Tag Archives: Juglans regia

CalNat Field Trip #2, Lake solano Park, 07-13-19

On the way to Lake Solano Park for our second Certified California Naturalist field trip of the summer, I stopped to put some gas in my car, and I was treated with the sight of some hot air balloons floating over the city of Winters and its surrounding fields. One of the balloons was either dragging or coming in for landing because it got REALLY low over downtown. I could see the people in the basket.  I was kind of surprised to see the balloons at all considering that it was already about 62° when I got to Winters.  Hot air balloons only work if the air around them is cooler than the air in the balloon (so they fly more successfully in the fall-to-spring time period than they do in the summer.)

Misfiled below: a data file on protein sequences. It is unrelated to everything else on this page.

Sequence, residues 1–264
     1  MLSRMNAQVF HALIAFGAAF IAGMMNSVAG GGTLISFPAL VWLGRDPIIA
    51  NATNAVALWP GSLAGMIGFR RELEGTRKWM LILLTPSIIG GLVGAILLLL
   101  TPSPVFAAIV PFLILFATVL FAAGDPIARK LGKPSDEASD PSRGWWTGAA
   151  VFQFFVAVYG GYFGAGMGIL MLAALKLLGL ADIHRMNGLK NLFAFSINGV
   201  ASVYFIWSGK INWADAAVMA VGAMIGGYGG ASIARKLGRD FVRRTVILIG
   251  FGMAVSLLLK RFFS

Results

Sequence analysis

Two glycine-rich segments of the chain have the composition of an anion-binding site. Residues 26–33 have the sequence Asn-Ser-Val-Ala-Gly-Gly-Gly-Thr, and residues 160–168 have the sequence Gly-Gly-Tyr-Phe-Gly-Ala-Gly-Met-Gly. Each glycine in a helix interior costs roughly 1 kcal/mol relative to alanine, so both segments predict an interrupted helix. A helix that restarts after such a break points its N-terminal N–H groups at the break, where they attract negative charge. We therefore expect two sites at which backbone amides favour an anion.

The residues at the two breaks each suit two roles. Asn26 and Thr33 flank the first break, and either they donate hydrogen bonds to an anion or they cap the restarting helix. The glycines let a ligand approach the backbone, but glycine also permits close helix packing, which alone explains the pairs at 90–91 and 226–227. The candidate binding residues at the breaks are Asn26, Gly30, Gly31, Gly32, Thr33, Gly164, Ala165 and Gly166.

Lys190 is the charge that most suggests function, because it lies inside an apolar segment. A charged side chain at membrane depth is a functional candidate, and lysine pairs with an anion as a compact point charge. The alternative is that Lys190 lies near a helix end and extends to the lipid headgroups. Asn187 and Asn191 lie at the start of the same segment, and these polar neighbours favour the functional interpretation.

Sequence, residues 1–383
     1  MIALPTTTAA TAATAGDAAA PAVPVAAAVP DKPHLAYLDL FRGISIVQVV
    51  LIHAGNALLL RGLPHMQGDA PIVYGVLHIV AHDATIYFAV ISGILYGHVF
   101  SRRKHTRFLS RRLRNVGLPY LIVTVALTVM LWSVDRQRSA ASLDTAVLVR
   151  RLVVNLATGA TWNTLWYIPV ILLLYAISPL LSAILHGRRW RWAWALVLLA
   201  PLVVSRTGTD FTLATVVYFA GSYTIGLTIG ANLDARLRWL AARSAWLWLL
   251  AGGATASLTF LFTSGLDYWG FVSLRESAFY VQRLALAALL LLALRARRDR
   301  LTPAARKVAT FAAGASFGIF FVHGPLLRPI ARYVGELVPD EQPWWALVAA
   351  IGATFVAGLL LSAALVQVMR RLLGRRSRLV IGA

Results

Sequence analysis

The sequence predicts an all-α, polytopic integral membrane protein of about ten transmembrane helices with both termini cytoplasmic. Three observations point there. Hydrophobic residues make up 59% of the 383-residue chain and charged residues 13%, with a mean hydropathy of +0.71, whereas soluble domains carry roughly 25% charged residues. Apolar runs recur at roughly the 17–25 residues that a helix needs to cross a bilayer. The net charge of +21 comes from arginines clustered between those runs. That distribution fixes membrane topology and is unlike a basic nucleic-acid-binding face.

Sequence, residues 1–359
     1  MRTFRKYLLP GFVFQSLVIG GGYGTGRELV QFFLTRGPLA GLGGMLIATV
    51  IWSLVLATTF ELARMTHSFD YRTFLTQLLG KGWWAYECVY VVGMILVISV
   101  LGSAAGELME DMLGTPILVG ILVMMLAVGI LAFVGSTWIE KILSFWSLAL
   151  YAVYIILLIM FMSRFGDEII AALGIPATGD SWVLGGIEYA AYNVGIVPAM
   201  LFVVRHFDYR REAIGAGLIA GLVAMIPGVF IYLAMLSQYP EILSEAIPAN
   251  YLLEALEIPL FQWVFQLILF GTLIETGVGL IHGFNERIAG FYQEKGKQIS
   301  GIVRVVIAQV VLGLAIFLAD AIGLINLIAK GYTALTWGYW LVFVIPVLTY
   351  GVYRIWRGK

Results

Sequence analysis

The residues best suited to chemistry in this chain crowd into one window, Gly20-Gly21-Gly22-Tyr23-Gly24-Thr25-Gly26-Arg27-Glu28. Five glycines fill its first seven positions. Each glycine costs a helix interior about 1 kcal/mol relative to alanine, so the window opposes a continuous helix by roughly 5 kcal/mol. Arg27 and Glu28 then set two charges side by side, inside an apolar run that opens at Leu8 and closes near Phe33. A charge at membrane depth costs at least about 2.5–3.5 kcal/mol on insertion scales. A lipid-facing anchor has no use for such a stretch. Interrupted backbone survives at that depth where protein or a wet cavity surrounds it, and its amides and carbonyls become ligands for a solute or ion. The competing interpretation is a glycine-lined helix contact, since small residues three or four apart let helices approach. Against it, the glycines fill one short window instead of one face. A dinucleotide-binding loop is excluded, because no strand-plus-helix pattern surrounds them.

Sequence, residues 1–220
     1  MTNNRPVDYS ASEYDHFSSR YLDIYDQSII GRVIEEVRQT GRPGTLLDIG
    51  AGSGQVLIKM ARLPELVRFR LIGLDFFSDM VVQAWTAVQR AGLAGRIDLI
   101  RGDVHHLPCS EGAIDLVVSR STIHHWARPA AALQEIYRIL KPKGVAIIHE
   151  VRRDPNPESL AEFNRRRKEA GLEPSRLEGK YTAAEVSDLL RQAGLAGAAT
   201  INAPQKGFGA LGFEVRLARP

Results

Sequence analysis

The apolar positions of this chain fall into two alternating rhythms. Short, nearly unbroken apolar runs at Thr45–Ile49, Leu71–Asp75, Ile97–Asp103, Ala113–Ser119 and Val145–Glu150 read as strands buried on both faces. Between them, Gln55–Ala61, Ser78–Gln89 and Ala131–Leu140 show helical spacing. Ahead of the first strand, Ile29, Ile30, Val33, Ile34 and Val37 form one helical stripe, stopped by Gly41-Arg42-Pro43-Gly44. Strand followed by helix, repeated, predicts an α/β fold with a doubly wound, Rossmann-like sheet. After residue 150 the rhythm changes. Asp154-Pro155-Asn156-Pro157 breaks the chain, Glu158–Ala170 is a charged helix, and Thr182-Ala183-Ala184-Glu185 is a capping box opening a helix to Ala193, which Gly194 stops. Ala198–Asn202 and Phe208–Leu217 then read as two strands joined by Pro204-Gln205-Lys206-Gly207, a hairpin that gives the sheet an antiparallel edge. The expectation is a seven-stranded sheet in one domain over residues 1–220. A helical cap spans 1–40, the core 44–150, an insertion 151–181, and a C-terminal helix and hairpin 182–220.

I was the first one in our group to get to the park and pulled up into one of the upper parking lots because the lot nearest the park itself was still closed.  Technically, the park doesn’t open until 8:00 am, so I was there before the all-gates-open time. The rangers weren’t too pleased that I was in the upper lot before 7:30 am, but they didn’t say anything – until AFTER 8:00 am and my students had arrived, and we were in the park area itself.  I’ll know better next time not to get there early.